Up-lit Lake District landmarks like the Bowder Stone make for atmospheric night time shots, whilst the otherworldly sandstone outcrops of St. Bees on the Western coast of Cumbria showcase a brighter, more exposed outlook. The locations however, as Louis-Jack explains, weren’t only selected for their aesthetic qualities.

‘The locations are a mix of personal favourites and choices made with the climbers,’ he says. ‘I always had in mind shooting some of the scenes at night. It shows the lengths that climbers go to for the right conditions and I also wanted to defy expectations of bouldering being a daytime activity right from the moment you start watching,’ he says.

‘The night scenes also relate to themes of time and space that run through the film. I like the idea of the cycle of bouldering, of training, practicing, projecting, failing or succeeding, existing in a 24 hour period, a single rotation of the earth. Then with a new dawn, the process will start all over again.’

For those unfamiliar with bouldering, it might seem like a strange hobby. The climb-fall-repeat repetition of the sport, with its potential for injury and propensity for failure, some might be reasonably baffled by the boulderer’s single-mindedness to reach the top of that one little bit of rock. MIDAIR offers a glimpse into the boulderer’s psyche, asking the question – why?

‘I’d like for the film to be a little window into the sport for people who have never tried it. An insight into this peculiar activity – why it’s so cool and unique, why it’s so enjoyable whilst also being really bloody hard,’ Louis-Jack explains. ‘Hopefully, an intriguing taster that will get your heart pumping and your palms sweaty!’

© Tom McNally

A little window into the sport for people who have never tried it. An insight into this peculiar activity

In a break from the typical climbing film format, the film’s melding of slow-motion and montage shot sequencing in wide-screen format focusses far more on the physical experience than the ascent itself. Since premiering in February on Director’s Notes, MIDAIR has won awards at Sheffield Adventure Film Festival and Keswick Film Festival and will be showing at Mountainfilm in Telluride in America later this year, having received critical acclaim and overwhelmingly positive feedback online.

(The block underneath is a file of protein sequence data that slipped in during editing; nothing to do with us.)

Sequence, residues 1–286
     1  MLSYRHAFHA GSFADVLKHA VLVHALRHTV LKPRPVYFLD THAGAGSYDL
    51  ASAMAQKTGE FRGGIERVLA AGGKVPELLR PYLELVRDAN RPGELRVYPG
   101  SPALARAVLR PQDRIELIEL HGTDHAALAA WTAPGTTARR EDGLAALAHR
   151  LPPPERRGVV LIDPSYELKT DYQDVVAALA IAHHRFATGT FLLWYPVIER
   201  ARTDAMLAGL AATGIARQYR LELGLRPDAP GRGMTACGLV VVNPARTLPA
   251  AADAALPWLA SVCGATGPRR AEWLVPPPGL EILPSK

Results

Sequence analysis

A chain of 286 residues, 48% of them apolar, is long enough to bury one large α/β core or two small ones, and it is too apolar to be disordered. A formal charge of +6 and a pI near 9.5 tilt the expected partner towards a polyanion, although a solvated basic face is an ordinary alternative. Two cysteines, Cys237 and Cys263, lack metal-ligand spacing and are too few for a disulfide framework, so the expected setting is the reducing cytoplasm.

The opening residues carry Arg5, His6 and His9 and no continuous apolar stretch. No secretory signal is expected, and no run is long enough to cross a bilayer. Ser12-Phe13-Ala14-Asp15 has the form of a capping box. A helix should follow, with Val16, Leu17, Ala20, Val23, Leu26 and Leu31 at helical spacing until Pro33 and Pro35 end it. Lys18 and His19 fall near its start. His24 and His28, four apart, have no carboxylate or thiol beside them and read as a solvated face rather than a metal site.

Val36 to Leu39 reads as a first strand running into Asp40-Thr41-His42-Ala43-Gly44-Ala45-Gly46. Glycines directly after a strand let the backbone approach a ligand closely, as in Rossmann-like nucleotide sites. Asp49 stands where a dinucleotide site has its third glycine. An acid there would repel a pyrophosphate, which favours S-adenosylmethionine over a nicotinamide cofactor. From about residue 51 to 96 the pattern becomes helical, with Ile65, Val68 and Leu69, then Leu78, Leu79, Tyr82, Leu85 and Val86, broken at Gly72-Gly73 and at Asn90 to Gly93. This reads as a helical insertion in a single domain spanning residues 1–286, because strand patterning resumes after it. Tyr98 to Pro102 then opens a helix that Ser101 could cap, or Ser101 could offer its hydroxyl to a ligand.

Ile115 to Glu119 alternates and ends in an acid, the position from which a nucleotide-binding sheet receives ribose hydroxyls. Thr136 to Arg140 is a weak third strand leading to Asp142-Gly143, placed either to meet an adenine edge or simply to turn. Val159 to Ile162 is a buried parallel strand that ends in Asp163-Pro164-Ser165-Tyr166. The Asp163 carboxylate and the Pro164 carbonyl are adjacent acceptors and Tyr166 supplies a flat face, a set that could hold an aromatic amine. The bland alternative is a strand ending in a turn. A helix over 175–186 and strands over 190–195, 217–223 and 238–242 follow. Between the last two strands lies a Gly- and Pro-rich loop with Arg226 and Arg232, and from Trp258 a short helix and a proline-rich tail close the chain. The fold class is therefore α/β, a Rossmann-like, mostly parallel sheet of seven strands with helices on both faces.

‘We poured in a lot of time and passion into this film and it’s lovely to see it being appreciated,’ Louis-Jack says. ‘However, in many ways, the thing I love even more than the accolades, is all the awesome comments and messages we’ve received on social media. When people respond saying how psyched they are to go climb, or how they’re going to go to the local gym to give it a try for the first time, I do a little fist pump – it’s confirmation that the film is evoking the reaction in people I was hoping for.’

MIDAIR is one of a new generation of climbing films this year, portraying less-seen aspects of the sport, close-to-home locations and the unique perspectives and experiences of those who take part.

For more inspirational climbing film fodder, you can also check out our report on Rise, a short film documenting one climber’s overcoming of physical and mental challenges in their homeland of North Wales.